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Azure January February 2023 issue cover

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Once it’s no longer being mined, what should a quarry be? Across China’s Zeijhang province, over 3,000 small quarries lay abandoned. Used as fish ponds or for chicken farming, and largely in disrepair, these quarries were in dire need of revitalization. Last year, Beijing architect Xu Tiantian and her firm DnA_Design and Architecture, which already boasts a hefty portfolio of landscape projects, were called upon to redevelop these sites into gathering spaces — a total of nine of them — that will benefit the local economy.  

“The stone quarries, today, gape like wounds in the natural landscape,” says DnA of their first impression of the terrain. From the outset, it was clear that extensive ecological remediation would be necessary to complete the project.  

Tiantian’s design approach utilizes the jagged topography to build simple, yet majestic “rooms” carved into the rock. The minimal design was intended to contrast with what the architects describe as a “Disneyfication” of some of China’s tourist destinations — an over-designed and kitsch-forward approach to restoration that they noticed has been becoming increasingly common over the last several years.

Wood banisters form a sharp, zig-zagging outline against the natural stone, leading visitors up to a viewing platform. Although the interventions are man-made, the infrastructure looks so at home amongst the rock formations that surround it that it seems to have been shaped by time.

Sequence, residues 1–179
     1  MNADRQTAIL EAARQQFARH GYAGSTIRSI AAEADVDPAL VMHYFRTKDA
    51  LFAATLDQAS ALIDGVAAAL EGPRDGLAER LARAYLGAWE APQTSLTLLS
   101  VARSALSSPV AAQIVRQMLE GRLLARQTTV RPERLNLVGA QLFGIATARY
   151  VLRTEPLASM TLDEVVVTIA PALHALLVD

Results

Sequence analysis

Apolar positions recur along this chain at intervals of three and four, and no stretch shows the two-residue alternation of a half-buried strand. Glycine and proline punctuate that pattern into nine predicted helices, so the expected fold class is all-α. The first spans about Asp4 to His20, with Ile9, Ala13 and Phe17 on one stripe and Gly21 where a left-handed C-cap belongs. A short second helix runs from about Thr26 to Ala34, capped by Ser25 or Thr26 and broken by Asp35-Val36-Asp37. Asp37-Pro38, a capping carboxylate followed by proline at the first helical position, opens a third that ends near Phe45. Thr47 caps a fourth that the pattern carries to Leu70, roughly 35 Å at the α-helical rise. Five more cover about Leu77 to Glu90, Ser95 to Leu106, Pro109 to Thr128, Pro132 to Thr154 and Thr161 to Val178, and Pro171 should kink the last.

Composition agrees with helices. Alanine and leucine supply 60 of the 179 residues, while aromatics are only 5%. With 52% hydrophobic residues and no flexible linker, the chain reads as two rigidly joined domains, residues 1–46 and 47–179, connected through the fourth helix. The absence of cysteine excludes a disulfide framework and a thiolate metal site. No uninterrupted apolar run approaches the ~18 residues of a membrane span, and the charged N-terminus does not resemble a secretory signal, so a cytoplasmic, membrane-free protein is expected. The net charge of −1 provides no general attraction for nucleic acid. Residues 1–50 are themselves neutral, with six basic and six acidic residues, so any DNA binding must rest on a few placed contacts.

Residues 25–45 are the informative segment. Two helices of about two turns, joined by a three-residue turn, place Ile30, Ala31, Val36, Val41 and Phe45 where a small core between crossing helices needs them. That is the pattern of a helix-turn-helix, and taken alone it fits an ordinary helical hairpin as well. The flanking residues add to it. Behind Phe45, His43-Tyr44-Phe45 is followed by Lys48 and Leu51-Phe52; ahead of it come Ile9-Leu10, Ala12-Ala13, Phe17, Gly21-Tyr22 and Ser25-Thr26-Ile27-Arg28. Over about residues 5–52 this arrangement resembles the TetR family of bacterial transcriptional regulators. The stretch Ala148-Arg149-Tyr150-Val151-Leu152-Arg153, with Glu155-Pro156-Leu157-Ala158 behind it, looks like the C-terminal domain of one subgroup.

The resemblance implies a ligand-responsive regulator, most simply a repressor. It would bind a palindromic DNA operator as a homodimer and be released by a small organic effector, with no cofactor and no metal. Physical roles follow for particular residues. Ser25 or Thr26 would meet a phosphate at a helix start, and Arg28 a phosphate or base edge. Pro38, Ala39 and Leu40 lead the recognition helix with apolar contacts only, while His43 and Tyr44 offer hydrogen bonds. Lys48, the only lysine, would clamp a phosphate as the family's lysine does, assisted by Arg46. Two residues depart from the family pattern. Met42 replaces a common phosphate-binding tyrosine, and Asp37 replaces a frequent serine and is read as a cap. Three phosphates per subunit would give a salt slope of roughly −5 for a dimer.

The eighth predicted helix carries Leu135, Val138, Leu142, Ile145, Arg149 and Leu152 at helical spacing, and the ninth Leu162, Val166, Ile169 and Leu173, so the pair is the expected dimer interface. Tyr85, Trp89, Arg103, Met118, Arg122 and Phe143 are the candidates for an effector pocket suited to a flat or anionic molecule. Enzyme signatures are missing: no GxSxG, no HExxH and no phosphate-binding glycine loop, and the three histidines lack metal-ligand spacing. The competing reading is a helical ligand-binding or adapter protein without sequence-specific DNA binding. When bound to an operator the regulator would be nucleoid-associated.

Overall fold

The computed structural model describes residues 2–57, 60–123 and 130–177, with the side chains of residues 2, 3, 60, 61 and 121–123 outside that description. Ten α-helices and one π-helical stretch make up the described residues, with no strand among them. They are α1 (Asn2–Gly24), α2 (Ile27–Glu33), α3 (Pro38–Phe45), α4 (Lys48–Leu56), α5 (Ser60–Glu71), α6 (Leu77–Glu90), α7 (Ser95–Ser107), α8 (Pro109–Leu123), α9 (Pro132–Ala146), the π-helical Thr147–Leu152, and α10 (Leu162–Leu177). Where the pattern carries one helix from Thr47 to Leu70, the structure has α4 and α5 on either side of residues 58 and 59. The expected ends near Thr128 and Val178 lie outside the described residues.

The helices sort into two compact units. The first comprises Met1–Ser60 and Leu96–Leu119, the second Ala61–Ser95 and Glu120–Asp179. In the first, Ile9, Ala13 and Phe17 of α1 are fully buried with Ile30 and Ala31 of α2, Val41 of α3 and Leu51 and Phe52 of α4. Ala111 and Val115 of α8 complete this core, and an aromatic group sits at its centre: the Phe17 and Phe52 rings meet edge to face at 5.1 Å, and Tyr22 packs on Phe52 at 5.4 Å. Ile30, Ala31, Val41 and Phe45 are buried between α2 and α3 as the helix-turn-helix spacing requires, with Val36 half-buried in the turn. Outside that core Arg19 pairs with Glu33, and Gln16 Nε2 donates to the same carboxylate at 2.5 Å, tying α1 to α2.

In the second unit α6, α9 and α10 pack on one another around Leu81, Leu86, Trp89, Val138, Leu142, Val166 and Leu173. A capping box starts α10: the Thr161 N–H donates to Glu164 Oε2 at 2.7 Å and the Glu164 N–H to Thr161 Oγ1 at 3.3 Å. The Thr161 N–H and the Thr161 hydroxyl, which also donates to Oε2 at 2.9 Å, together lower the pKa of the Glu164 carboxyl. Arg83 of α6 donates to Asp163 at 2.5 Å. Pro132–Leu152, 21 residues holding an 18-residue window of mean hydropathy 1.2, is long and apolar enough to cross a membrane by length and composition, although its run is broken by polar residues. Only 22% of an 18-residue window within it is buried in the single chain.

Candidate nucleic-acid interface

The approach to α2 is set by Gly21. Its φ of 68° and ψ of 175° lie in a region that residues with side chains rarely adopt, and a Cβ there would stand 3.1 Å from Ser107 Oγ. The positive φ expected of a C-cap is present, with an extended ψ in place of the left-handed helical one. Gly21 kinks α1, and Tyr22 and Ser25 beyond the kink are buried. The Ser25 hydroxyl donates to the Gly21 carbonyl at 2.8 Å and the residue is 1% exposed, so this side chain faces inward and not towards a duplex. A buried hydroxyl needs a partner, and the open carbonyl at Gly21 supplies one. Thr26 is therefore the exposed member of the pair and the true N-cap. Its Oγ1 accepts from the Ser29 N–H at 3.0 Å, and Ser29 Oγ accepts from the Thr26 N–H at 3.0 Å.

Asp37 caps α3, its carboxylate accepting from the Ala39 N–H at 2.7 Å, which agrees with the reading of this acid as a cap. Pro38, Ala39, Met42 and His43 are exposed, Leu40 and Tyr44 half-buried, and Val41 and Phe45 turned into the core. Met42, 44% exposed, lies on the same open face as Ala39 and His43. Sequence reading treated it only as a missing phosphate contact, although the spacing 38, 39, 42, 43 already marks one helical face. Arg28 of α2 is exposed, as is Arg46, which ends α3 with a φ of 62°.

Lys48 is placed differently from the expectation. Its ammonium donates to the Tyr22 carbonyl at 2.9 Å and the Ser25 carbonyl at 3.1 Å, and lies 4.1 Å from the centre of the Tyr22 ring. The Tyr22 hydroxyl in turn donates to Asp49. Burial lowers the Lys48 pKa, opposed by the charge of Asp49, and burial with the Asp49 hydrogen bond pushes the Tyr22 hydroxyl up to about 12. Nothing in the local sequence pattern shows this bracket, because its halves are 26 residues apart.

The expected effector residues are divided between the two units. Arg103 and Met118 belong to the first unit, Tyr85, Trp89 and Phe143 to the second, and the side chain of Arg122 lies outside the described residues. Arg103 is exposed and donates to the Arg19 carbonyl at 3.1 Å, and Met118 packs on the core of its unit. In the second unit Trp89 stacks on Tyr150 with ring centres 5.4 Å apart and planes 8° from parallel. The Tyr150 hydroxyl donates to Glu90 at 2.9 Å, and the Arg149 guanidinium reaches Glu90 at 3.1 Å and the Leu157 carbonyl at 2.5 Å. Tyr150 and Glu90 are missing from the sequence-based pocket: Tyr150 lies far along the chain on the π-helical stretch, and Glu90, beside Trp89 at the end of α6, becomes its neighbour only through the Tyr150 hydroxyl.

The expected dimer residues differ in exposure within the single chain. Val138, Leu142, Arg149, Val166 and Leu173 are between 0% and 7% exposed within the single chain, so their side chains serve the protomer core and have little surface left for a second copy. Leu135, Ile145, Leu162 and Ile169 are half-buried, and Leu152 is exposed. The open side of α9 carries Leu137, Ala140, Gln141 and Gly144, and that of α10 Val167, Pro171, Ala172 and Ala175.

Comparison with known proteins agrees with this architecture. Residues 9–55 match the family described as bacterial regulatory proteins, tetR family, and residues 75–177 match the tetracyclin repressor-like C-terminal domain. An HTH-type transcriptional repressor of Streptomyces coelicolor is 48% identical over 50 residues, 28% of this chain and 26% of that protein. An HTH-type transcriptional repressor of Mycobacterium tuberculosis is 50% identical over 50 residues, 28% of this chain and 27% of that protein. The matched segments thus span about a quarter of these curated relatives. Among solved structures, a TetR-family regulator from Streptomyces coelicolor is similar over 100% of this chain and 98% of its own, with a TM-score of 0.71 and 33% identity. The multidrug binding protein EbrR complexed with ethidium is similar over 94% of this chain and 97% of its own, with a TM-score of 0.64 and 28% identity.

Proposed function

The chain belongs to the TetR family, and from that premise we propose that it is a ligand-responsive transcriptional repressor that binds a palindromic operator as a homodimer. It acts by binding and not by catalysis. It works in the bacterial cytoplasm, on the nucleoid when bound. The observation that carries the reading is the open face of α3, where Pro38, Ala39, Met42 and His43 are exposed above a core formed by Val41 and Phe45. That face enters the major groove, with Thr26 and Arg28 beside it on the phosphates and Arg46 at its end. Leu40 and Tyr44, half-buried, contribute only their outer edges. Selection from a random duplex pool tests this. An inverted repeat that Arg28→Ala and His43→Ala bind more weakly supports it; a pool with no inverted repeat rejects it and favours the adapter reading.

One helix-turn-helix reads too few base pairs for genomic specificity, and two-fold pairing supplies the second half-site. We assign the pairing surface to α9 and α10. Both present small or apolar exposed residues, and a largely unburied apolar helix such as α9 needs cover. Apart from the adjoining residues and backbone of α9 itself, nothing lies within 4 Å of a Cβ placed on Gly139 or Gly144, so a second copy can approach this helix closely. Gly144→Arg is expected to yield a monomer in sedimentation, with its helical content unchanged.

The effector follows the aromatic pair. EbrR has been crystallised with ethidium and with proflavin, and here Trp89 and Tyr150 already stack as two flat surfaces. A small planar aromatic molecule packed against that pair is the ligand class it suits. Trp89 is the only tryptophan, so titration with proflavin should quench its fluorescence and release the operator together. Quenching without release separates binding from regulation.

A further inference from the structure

The resulting impression is nothing short of spectacular. The meditative quality of the space easily lends itself to self-reflection. Throughout the quarries, various stations have been put to different uses: in one, stonemasons give live demonstrations of the quarrying of stone that would have taken place on-site in years prior, and inside another carved stone chamber, a teahouse is set up to provide refreshments to visitors. The quarries are all connected via a small village, which will soon house an information centre, outlining the area’s rich history.

And that’s not all. The cathedral-like spaces carved into the rock space also happen to have excellent acoustics, with walls of stone up to thirty-eight metres high, making them perfectly suited to host traditional Wu opera, which combines music, vocals and martial arts. 

For those who can’t make it to Jinyun, an exhibition on the project, hosted by AEDES Architecture Forum and Bookstore, will be on view from March 19th to May 5th in Berlin — showcasing models of the project alongside photographs, plans and descriptions of the construction process.

In China, A Stone Quarry Turned Live Stage

In Jinyun County, DnA Design and Architecture breathes new life into a landscape shaped by human intervention.

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